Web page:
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Subbasins - Flag Brook
Geographic & Ecosystem Characteristics | Land Ownership & Land Use Patterns
Major Water Resource Issues | Recreation & Priority Habitat Areas
Resource Protection Goals & Recommended Actions

Land Area: 12.6 square miles
Primary Municipalities: Westminster
Permanently Protected Land Area: 2105 acres or 32%
Limited Protection Land Area (Chap. 61, etc.): 558 acres
River length: 2.7 miles
Reservoir: Wachusett Lake

% Imperviousness: approximately 8 %
Land Use: 71% forest, 10% residential, 7% water
# of MA NHESP* Priority Habitat Sites: 1
# of NPDES* permits: 1 Minor, 1 Major NPDES
Most threatened waterbodies: Flag Brook downstream of Fitchburg municipal landfill

Location within the Nashua River Watershed Water Resources Habitat Analysis
Open Space Water Resources Natural Heritage
Limited Protection Water Resources Recreation

Geographic Overview and Ecosystem Characteristics: This subbasin1 primarily lies in the community of Westminster with a part in Fitchburg and Princeton and a very small part extending into Leominster. Located in the "fuzzy" zone straddling the Worcester Plateau and Southern New England Coastal Plains ecoregions2 of central Massachusetts, this area drains northeasterly into the North Nashua River by the West Fitchburg Wastewater Treatment Facility at the intersection with the Whitman River below Snows Mill Pond. Indeed, the North Nashua River begins at the confluence of Whitman River and Flag Brook. Route 2 travels through the northern section of this subbasin and Routes 31 and 140 pass through a portion as well.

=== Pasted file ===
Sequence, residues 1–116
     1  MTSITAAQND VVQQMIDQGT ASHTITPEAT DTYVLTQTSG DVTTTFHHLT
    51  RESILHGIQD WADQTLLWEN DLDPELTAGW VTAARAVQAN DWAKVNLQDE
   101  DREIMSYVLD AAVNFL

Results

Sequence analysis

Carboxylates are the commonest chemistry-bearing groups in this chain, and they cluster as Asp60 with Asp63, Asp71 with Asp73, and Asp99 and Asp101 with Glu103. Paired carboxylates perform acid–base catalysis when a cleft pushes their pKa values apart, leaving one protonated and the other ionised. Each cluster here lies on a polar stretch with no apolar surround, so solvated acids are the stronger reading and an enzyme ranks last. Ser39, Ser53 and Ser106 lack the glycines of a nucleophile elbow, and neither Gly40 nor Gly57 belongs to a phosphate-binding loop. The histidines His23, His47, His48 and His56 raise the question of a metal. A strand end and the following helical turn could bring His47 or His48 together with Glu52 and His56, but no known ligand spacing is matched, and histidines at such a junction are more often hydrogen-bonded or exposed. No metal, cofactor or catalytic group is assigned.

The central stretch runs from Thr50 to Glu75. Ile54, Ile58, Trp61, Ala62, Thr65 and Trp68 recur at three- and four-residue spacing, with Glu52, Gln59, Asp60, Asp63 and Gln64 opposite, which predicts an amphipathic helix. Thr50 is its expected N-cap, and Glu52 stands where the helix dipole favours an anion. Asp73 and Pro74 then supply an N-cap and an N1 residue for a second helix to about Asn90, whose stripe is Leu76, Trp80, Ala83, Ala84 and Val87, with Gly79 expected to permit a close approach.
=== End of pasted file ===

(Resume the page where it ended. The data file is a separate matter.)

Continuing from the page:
Streamflow, as in most of New England, has significant seasonal changes3. This subbasin begins at higher elevations in Westminster, most notably Mt. Wachusett, which forms a semi-circular ridge along this subbasin's southern divide. Another two prominent ridgelines reach off of the Worcester Plateau providing upland connections to other nearby habitat focus areas: Snow Hill-Crow Hills to Mt. Wachusett and Palmer Hill-Ball Hill (which forms the eastern divide of this subbasin) to the Wekepeke.

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Land Ownership and Land Use4 Patterns: The land-use pattern is 71% forest (hardwood mixed with softwood) or wetland. Low-density residential settlement as well as concentrated settlements and strip development located near town centers and along major roads account for a total of 10% residential. Notably, 7% of the total land area is water. Commercial operations, industry and other developed land uses are not significant. The Fitchburg Municipal Landfill located in Westminster (and abutting the Leominster State Forest on three sides) is scheduled to soon roughly double in size. This landfill, operated by Waste Management Inc.,serves a state-wide if not regional function. In its former unlined construction, it most likely has negatively impacted Flag Brook as its drainage ponds discharged into this waterway. Though there may be other temporary environmental consequences of expansion, especially during blasting/excavation phases, the new lined design should be benign from a water quality standpoint.